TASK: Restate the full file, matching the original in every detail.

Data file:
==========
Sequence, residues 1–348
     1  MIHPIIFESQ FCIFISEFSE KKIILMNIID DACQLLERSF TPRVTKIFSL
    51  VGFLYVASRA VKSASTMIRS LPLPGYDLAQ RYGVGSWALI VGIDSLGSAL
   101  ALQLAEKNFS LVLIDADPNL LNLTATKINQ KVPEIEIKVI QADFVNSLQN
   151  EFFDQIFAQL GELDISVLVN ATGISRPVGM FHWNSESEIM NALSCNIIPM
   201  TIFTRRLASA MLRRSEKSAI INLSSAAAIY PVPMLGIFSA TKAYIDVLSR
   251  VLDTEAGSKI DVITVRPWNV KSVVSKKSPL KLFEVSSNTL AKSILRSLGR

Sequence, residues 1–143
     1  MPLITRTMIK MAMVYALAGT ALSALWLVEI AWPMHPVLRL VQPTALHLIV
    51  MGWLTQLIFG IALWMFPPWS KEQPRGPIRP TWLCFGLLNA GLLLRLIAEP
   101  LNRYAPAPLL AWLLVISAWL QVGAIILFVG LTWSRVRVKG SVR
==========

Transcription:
Sequence, residues 1–348
     1  MIHPIIFESQ FCIFISEFSE KKIILMNIID DACQLLERSF TPRVTKIFSL
    51  VGFLYVASRA VKSASTMIRS LPLPGYDLAQ RYGVGSWALI VGIDSLGSAL
   101  ALQLAEKNFS LVLIDADPNL LNLTATKINQ KVPEIEIKVI QADFVNSLQN
   151  EFFDQIFAQL GELDISVLVN ATGISRPVGM FHWNSESEIM NALSCNIIPM
   201  TIFTRRLASA MLRRSEKSAI INLSSAAAIY PVPMLGIFSA TKAYIDVLSR
   251  VLDTEAGSKI DVITVRPWNV KSVVSKKSPL KLFEVSSNTL AKSILRSLGR

Sequence, residues 1–143
     1  MPLITRTMIK MAMVYALAGT ALSALWLVEI AWPMHPVLRL VQPTALHLIV
    51  MGWLTQLIFG IALWMFPPWS KEQPRGPIRP TWLCFGLLNA GLLLRLIAEP
   101  LNRYAPAPLL AWLLVISAWL QVGAIILFVG LTWSRVRVKG SVR